Quote:
I don't own the older RS1's, but I do have a pair of RS1i's. From the brief time I spent auditioning the buttoned RS1's, I don't really remember if they are different from the newer iterations. According to some on these forums, the newer "i" version takes a detour from the original sound signature. We may, therefore, be hearing different things. I also remember UnkleErik mentioning his use of RS1's (non-"i" I believe) with jazz. I'll have it try it again, but the spirited grado sound, from a hypothetical view, doesn't seem suited to the mellow, meditative state that a solid jazz recording puts me in. Then again this hobby has proven time and again that hypothetical synergy-matching is inconsistent and unpredictable.

I'm lazy, and wrote RS-1 throughout, but mine are indeed RS-1i redface.gif. I did spell that out at the beginning, and I apologize for the confusion. I have not heard a pre-i RS series, but the pre-i SR and GS series were very good. Regarding the second half of this paragraph - I don't like the "match the genre to the headphones 1:1" idea - in other words, bassy music and bassy headphones is a recipe for a headache imho, when I want to listen to dubstep or hardstyle for a long period of time, I grab my F1s (which are one of the least bassy headphones I've ever heard, and perhaps ever made). When I want to listen to something that's fairly "thin" I'll reach for the RS-1 and their punched up bass/treble. This isn't absolute, of course, just an example. I think the RS-1 are a huge departure from the Prestige sound, they aren't a "wall of sound" - they're very 3D (if they weren't, they would not have lasted against the ESP and F1) and can do "mellow" quite well. I enjoy them very much with ambient/trance type material (Voodoo Child, AFX, etc). I think it's precisely because they AREN'T flat that they do this. The 950 is also good at this, but as I said in the comparo - the 950 are good because they put the effort in, the RS-1 because they don't.
Quote:
What makes the HD650 so effective with jazz in my opinion are the combined traits of impressive "technicalities" (focused center image and overall transparency) and an unhurried, collected getalong. Where the Grados are often at a gallop the Senns are at a steadfast trot. Add to that a warmth that isn't overdone and upper frequencies that sheen and shimmer when called upon and you have the makings of a very good jazz headphone (for me at the very least). The UM Miracles rival the Senns for jazz enjoyment, but despite its superior technical know-how, is not as emotionally involving. Maybe it's the Zana/B22 pairing, but I have not heard a veil with the Senns and have never felt they were "dark" (a feeling I sometimes get with LCD's). I have to admit though that the Senns have become a one-trick pony. Once I move away from jazz and its offshoot genres the Senns are comparatively sub-standard to the others.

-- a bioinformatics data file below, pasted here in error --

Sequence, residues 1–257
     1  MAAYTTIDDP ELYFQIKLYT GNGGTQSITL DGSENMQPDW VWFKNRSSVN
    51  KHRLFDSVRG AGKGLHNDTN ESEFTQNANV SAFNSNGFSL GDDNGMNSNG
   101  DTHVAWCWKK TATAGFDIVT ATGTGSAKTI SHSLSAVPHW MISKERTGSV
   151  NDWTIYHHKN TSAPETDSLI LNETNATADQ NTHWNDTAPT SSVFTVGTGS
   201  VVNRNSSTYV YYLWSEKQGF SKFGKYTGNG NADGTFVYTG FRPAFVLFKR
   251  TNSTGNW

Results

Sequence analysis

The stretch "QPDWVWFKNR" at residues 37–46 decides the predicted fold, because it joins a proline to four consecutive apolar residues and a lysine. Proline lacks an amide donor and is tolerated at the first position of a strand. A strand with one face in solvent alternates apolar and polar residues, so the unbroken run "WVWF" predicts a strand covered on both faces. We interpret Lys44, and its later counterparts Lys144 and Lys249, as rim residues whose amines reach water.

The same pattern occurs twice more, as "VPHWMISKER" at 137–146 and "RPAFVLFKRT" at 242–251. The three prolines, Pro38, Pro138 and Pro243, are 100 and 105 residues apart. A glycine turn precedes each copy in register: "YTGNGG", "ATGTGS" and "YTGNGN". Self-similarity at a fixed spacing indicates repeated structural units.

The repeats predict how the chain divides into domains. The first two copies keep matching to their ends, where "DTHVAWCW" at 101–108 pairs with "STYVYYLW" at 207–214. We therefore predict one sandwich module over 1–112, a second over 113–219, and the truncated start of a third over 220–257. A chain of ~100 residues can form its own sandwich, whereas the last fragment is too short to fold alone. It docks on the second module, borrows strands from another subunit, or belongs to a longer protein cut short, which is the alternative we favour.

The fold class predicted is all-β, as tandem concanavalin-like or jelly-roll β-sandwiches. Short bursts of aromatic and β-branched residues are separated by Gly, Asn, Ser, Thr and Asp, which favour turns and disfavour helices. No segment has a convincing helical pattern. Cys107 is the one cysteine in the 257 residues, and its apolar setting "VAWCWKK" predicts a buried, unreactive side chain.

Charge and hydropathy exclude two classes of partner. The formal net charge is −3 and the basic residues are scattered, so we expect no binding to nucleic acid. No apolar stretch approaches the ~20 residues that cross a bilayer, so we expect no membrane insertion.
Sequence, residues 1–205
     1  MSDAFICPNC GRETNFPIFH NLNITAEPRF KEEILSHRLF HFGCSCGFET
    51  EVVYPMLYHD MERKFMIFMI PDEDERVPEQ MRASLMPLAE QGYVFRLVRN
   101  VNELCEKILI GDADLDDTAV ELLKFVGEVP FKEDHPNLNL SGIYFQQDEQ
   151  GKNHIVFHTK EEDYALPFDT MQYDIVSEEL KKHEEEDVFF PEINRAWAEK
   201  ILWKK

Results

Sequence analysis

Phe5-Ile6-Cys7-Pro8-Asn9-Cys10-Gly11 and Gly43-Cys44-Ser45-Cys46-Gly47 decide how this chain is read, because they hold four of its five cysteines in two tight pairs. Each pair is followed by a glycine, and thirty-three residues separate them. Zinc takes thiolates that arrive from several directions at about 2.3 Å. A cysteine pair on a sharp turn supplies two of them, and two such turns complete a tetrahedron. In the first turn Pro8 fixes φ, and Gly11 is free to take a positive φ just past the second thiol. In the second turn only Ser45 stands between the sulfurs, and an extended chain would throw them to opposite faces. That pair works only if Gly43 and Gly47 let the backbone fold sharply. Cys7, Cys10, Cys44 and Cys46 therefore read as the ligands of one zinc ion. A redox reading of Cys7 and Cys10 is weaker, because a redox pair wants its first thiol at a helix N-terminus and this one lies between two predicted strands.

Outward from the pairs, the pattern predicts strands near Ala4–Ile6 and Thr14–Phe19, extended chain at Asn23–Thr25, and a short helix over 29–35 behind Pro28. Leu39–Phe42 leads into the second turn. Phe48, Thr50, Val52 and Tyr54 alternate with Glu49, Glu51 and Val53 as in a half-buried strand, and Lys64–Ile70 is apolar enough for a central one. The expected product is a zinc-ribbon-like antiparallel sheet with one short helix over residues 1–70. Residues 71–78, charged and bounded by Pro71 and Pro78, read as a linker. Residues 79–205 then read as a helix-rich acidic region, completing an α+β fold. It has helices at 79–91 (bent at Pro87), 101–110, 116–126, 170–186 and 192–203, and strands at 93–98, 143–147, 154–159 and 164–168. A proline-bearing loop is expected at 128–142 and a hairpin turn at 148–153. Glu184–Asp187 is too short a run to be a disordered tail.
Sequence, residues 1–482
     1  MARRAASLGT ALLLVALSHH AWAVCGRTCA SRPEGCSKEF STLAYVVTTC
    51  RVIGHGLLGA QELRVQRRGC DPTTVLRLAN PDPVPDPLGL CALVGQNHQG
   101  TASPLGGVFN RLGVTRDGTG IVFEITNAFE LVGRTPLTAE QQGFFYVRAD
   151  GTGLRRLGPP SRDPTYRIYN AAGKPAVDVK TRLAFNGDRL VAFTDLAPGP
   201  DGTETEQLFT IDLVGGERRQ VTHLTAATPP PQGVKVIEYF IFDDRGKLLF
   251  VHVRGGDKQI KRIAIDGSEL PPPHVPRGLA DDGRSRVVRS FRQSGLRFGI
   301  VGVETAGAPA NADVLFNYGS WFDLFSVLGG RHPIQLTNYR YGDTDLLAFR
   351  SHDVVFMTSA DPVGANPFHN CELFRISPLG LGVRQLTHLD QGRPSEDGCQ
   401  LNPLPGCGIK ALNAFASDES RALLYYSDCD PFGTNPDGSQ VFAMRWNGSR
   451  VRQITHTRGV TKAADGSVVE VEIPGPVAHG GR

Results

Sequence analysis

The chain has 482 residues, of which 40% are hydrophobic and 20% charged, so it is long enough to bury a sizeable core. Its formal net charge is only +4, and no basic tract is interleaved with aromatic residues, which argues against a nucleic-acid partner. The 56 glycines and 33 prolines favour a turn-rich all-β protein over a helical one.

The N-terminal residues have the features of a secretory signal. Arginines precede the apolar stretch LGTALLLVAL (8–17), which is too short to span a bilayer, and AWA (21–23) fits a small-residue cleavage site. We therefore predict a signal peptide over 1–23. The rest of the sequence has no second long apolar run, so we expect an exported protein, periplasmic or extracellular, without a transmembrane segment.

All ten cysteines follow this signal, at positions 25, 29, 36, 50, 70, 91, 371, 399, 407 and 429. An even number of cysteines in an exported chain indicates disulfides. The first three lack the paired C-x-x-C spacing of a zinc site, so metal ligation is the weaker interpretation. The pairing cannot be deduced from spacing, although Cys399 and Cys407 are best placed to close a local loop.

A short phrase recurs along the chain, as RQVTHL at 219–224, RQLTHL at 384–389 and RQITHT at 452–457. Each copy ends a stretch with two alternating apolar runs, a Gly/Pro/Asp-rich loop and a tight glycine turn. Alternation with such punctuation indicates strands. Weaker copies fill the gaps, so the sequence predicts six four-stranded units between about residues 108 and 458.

Based on this, the ESP/950 are probably the better choice for you. They have better treble impact/extension than the Sennheisers (it isn't harsh - they can reach higher and do it louder than the MDR-SA5000 or SR-325, but only when called upon, and even then, they're smoother and softer about it than the F1 (one of the least fatiguing headphones ever)). They're very "effortless" in their rendering of whatever goes through them - nothing becomes clashy, shrill, etc unless that's how it's meant to sound. The RS-1 aren't quite to that level - they can get a little uncouth with bad tracks, but it's not like the Prestige series or something like the SA5000 that can get downright abrasive.

The other advantage is that the 950s fit about the same as the 650s, just less clamp. They're really a logical progression imho (not just in sound, but functionally as well). And since you seem to be identifying with the strongest qualities of the Sennheiser flagships, I think the 950s are worth a shot. Expect the same good mid-bass and warm low-end, with better extension, and better mids and much better treble. They will bring up the emotion in material, but again, the Grados will put them to shame here (that's where I can't decide between the two of them - the 950 are technically better, but don't bring up as much of the emotion in music, the RS-1 do that very well - you don't listen to music, you experience it). I also think they've backed off on the pricing recently. smily_headphones1.gif

Quote: